Irish Soda Bread Recipe

Last PhotoCelebrate St. Patrick’s Day with your kids and make this recipe and a Recycle Leprechaun Craft! Traditional Soda Bread was not the sweet raisin-and-caraway-filled loaf many Americans eat today. A real soda bread is a simple loaf with a beautifully browned, craggy crust and a nice chew, best eaten liberally smeared with salty Irish butter.

Soda bread has been an Irish household staple since baking soda became commercially available in the early 19th century. It was originally brought to Ireland in the early 1840’s by the American Indians. Many people assume it was created in Ireland because of the tradition it holds, but Ireland adopted the name to this bread after the need for cheap bread to put on the table during the country’s impoverished years in the early 1900s.

Irish Soda Bread Recipe | Celebrating St. Patrick's Day with Kids

Soda bread uses only a few ingredients that most people kept on hand—flour, salt, baking soda, and buttermilk from the “sour milk jug” every house had before the advent of refrigerators. It also didn’t require an oven; it could be baked in a bastible, a type of cast-iron Dutch oven, suspended over an open turf fire. Hot embers were placed on the lid so the heat came from both the top and underneath. Now that we have ovens and refrigerators, this bread has gotten so easy to make that you, too, might find yourself baking fresh soda bread almost every day and perhaps adding in some raisins for a touch of sweetness!

Irish Soda Bread Recipe | Celebrating St. Patrick's Day with Kids

Need to Knows for Making Soda Bread:

Turn on the oven to 450˚F before you measure the ingredients! Your oven should be fully heated by the time the bread is ready to bake because the acid from the buttermilk starts reacting with the baking soda as soon as they mix, creating little air bubbles that need the heat of the oven to expand and make the bread rise.

Use your hands to mix the dough! Let your little helpers get their hands dirty by mixing all the ingredients – and easy. Spread your fingers, as shown above, and mix in a circular motion to keep the dough light and airy.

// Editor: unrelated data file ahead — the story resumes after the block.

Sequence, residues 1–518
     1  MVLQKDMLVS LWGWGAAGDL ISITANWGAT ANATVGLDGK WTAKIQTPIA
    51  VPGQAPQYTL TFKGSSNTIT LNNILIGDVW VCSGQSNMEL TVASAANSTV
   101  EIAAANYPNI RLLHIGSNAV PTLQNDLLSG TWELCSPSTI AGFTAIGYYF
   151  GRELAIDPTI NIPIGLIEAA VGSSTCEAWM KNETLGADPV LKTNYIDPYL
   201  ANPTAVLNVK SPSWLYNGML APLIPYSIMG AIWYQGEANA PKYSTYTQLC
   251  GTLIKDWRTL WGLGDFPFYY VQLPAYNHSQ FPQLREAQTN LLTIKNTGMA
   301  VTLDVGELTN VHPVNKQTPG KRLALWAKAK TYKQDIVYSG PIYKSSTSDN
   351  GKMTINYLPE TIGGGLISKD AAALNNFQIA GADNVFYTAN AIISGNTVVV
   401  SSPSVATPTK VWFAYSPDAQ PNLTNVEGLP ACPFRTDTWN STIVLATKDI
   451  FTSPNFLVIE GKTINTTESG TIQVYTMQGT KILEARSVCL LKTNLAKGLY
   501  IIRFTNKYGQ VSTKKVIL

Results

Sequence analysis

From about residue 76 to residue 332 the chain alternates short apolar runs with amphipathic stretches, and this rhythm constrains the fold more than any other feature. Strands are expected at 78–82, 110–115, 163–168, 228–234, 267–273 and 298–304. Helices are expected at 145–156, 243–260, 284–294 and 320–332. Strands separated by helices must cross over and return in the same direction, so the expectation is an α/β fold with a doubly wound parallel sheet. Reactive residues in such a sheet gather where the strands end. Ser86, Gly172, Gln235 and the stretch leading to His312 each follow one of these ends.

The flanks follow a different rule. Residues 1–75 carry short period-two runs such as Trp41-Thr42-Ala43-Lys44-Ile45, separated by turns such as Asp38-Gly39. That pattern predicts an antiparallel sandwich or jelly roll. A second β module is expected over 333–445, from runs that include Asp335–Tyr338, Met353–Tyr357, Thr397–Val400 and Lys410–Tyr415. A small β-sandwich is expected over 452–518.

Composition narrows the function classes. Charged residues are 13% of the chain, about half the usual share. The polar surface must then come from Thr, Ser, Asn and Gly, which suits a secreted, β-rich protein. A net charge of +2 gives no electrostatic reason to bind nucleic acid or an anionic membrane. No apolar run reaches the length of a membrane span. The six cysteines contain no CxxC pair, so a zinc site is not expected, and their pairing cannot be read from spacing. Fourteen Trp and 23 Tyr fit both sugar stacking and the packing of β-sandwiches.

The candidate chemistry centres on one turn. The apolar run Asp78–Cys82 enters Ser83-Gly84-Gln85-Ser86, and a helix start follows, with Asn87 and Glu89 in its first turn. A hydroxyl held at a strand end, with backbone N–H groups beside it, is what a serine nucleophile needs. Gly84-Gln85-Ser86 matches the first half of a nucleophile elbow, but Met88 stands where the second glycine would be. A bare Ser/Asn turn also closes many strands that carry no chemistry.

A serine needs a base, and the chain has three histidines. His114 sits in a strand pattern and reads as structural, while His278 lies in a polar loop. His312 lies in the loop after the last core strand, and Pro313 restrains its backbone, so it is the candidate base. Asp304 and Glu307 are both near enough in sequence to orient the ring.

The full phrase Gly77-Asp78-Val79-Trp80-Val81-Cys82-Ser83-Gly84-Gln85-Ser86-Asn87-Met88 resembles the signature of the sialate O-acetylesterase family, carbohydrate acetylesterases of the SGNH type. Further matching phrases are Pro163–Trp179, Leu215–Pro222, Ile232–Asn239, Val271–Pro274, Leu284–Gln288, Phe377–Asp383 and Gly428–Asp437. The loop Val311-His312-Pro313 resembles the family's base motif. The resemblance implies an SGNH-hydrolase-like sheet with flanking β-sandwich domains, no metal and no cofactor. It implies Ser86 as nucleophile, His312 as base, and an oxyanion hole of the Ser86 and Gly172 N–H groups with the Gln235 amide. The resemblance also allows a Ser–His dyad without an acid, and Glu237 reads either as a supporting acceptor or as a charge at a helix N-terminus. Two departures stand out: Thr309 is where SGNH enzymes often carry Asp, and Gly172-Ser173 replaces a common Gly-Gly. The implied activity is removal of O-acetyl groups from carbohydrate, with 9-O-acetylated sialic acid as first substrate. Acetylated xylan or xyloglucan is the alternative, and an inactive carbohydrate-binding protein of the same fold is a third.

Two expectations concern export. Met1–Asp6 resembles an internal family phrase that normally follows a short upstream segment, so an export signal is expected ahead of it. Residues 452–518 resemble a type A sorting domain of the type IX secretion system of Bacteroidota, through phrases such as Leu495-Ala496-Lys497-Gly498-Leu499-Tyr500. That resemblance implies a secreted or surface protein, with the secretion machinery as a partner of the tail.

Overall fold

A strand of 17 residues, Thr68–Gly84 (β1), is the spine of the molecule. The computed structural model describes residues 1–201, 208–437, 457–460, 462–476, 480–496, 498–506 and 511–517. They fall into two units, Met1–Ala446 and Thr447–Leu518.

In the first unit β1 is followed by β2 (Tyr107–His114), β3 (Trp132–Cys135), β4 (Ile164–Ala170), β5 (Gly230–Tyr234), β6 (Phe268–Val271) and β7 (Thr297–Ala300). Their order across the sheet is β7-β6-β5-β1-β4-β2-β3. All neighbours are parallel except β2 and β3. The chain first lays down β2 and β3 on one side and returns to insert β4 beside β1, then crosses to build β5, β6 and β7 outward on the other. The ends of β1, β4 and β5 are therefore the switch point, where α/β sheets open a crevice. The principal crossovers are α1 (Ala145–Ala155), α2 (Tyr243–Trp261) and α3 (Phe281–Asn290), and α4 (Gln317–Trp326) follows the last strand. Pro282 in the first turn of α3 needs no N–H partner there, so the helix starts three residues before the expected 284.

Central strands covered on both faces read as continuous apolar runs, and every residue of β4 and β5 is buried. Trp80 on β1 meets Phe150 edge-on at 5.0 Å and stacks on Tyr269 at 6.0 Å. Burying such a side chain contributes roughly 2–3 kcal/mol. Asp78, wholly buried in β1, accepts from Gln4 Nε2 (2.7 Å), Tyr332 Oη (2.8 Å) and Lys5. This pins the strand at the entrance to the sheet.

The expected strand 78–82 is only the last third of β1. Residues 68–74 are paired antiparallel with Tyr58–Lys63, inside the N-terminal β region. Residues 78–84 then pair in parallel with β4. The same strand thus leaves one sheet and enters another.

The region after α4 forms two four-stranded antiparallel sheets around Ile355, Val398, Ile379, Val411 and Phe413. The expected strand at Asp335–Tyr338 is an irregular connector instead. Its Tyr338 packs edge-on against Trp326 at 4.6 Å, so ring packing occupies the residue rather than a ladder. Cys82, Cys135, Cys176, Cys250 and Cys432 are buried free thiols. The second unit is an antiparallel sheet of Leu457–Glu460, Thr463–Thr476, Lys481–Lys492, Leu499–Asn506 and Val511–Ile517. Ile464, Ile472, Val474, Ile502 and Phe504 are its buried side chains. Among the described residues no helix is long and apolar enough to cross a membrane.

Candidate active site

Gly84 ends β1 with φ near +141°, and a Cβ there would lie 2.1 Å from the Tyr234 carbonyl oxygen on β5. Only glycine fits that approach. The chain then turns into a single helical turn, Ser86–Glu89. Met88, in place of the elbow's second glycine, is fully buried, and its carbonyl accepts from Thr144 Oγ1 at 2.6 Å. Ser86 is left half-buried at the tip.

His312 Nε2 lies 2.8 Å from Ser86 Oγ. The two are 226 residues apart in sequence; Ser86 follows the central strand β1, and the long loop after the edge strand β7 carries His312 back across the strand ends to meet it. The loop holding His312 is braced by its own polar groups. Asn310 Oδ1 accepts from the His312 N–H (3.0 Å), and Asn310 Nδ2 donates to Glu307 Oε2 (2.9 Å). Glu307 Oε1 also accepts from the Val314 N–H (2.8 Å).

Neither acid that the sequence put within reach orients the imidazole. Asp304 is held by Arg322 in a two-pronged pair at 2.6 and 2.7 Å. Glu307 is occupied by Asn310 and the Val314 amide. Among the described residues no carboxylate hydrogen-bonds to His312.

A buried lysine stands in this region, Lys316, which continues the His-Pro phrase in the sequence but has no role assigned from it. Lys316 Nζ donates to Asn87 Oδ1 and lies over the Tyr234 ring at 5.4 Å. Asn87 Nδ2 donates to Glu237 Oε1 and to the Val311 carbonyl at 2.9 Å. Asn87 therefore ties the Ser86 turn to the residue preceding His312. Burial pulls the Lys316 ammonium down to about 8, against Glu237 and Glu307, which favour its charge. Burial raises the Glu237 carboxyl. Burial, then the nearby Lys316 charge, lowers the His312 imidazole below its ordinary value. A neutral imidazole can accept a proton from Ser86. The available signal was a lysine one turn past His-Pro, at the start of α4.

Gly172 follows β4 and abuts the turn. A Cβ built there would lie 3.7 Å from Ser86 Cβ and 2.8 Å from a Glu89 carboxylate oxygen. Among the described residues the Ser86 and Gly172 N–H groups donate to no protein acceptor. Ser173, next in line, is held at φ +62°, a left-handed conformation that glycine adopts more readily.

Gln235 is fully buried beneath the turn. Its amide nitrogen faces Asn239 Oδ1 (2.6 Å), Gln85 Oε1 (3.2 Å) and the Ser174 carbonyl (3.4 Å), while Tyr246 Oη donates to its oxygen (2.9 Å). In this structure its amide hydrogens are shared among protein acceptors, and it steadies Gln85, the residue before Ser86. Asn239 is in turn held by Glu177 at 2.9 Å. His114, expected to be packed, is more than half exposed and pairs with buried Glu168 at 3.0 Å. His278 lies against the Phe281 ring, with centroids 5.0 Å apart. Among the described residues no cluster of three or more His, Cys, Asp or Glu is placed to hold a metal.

No kneading! It will make the bread tough. Simply turn the dough out onto a floured surface, shape it into a round, and transfer it to the baking sheet.

Make the round of dough no thicker than 1-1/2 inches in the center! A thicker loaf will get spongy inside and won’t rise as much so keep it thin.

Try a softer crust! A good, pronounced crust is part of soda bread’s appeal, but you can wrap the bread in a clean dish towel while it cools to make the crust more tender and pleasantly chewy.

X marks the spot! Mark the bread with a cross before baking. This opens the crust so the heat can penetrate the center of the loaf. Irish folklore holds that this is also done to let the fairies out. Later when pagan culture gave way to Christianity, the X was thought to scare off the devil and protect the house.


The Chipper family celebrates St. Patricks Day every year by bringing everyone together for a feast of authentic Irish food, including Irish Soda Bread and Corned Beef! Here’s our authentic recipe for Irish Soda bread:

Soda Bread Ingredients:

 8 servings – Yields 1 large loaf

• 1 lb. (3-1/2 cups) unbleached all-purpose flour; more as needed

• 3/4 tsp. baking soda

• 1/2 tsp. table salt

• 1-1/2 to 1-3/4 cups buttermilk


1. Position a rack in the center of the oven and cook’s tip heat the oven to 450°F. Lightly flour a large rimmed baking sheet.

2. Sift all of the dry ingredients into a large, wide mixing bowl. Make a well in the center and pour in 1-1/2 cups of the buttermilk.

3. Stir with one hand, fingers apart, moving in circles to incorporate the buttermilk into the dry ingredients. If necessary, add more buttermilk 1 Tbs. at a time until the dough just barely comes together. (The absorption rate varies depending on the brand of flour.) The dough should be soft—don’t overwork it!

4. Turn the dough out onto a well-floured surface and pat into a round about 6-3/4 inches in diameter and 1-1/2 inches thick in the center. Invert the round so the floured side is on top.

5. With a thin, sharp knife, score a cross on the dough about 1/4 inch deep and extending fully from one side to the other.

6. Transfer the dough to the prepared baking sheet and bake for 15 minutes. Lower the oven temperature to 400°F and bake until the bread is browned and sounds hollow when tapped on the bottom, another 20 to 30 minutes.

7. Cool to room temperature on a rack, about 2 hours, before slicing and serving.

Optional: Wrap the bread in a clean dish towel while it cools to make the crust more tender and pleasantly chewy.

Variation: Though it’s not traditionally Irish, you can add 3 oz. raisins with the dry ingredients, or experiment with add-ins like freshly chopped herbs, olives, sun-dried tomatoes, caramelized onions, or chocolate chips.Soda Bread Photos: Scott Phillips

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